Race and Class Revisited: The Case of the North America and South Africa

At what historical point do race and class become issues and/or at what historical point do they develop in association? Are race and class mutually exclusive categories or do race relations underline class relations? Arguing that the economic exploitation of Africans (a class act) is rooted in the growth and expansion of the world capitalist system, the author examines race and class in North America and the Republic of South Africa, two societies which have descended from the early outposts settled by Europeans at the dawn of capitalism. The study of the origin of capitalism in the US and South Africa reveals that the ruling class does not merely create classes (in the strict sense) and races (in the social sense), but polarizes them. That is, the ruling class creates situations that enable it to distribute the inequities of the capitalist system among classes (cum races) in a variety of ways. Racism therefore cannot be eliminated without eliminating the reinforcing political economy. Bibliogr., sum. in French.

Title: Race and Class Revisited: The Case of the North America and South Africa
Author: Magubane, Bernard
Year: 1987
Periodical: Africa Development: A Quarterly Journal of CODESRIA (ISSN 0850-3907)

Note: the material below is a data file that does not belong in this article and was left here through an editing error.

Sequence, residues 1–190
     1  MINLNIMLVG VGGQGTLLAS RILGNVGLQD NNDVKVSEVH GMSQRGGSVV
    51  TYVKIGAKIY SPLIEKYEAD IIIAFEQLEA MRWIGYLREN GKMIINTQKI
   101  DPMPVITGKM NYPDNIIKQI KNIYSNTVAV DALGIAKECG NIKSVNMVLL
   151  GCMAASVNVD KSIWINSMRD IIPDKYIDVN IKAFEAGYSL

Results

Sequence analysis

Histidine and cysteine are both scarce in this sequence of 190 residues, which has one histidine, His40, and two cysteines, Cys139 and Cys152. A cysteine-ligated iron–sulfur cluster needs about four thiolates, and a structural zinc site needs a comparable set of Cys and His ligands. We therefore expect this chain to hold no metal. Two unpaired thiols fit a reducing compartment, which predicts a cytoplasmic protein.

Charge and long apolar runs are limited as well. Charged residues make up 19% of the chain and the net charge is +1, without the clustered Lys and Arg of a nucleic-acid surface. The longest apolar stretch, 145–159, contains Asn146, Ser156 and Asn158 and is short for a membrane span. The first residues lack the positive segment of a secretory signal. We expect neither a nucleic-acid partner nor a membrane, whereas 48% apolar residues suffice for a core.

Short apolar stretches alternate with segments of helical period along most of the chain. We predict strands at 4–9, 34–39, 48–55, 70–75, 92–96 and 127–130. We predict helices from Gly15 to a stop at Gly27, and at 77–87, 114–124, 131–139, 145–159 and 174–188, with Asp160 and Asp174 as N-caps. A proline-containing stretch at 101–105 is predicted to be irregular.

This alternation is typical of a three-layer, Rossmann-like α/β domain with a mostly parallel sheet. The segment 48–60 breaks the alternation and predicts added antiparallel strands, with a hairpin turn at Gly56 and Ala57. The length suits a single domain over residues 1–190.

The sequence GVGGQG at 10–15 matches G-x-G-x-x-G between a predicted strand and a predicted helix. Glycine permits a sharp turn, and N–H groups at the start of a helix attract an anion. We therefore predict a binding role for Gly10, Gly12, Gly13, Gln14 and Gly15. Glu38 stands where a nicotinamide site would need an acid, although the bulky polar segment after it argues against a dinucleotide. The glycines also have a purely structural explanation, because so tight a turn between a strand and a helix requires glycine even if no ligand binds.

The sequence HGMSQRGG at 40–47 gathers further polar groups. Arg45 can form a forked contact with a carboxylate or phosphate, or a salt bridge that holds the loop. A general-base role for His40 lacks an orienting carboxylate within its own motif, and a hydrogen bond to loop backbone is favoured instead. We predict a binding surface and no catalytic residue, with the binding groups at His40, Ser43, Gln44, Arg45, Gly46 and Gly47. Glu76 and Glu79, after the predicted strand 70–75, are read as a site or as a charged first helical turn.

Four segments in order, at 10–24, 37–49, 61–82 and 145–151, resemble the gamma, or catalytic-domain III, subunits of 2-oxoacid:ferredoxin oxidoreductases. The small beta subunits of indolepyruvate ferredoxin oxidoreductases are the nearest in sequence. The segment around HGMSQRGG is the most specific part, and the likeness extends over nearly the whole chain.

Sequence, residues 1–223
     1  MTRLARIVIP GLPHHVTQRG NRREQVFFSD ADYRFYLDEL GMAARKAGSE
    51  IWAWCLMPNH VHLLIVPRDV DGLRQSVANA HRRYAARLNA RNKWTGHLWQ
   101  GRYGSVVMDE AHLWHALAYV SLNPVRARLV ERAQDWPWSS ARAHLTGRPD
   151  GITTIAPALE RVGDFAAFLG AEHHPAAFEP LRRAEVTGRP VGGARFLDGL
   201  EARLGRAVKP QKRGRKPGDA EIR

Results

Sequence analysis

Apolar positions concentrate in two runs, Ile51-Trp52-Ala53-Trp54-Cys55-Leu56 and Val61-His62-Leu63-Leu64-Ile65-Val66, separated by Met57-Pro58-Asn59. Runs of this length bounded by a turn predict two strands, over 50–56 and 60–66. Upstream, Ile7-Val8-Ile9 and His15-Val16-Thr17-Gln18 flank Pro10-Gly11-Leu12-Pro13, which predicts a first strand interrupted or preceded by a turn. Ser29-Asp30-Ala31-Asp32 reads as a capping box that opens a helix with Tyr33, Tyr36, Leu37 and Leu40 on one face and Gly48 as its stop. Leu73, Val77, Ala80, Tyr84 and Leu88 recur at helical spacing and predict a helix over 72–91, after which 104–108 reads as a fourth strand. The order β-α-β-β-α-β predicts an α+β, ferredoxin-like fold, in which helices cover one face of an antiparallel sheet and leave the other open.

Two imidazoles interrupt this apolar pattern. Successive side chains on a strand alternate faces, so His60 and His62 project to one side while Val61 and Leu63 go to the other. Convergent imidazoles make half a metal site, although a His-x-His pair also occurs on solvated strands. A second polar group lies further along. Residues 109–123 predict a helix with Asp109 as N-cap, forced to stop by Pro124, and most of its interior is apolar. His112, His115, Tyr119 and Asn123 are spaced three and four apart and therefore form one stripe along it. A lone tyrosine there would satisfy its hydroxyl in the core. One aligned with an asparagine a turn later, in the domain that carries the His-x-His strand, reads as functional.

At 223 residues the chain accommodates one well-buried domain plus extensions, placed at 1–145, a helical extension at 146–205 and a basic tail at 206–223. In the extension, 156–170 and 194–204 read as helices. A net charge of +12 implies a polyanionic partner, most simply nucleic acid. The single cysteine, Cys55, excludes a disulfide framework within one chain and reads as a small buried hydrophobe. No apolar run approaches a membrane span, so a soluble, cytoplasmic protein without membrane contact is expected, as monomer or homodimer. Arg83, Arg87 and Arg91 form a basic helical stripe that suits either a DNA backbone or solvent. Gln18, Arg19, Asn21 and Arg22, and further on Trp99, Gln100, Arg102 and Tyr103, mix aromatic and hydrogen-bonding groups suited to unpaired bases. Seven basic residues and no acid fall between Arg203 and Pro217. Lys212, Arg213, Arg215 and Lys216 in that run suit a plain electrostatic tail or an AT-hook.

Volume: 12
Issue: 1
Period: January-March
Pages: 5-42
Language: English
Geographic terms: South Africa
United States
External link: https://www.jstor.org/stable/24486596
Abstract: At what historical point do race and class become issues and/or at what historical point do they develop in association? Are race and class mutually exclusive categories or do race relations underline class relations? Arguing that the economic exploitation of Africans (a class act) is rooted in the growth and expansion of the world capitalist system, the author examines race and class in North America and the Republic of South Africa, two societies which have descended from the early outposts settled by Europeans at the dawn of capitalism. The study of the origin of capitalism in the US and South Africa reveals that the ruling class does not merely create classes (in the strict sense) and races (in the social sense), but polarizes them. That is, the ruling class creates situations that enable it to distribute the inequities of the capitalist system among classes (cum races) in a variety of ways. Racism therefore cannot be eliminated without eliminating the reinforcing political economy. Bibliogr., sum. in French.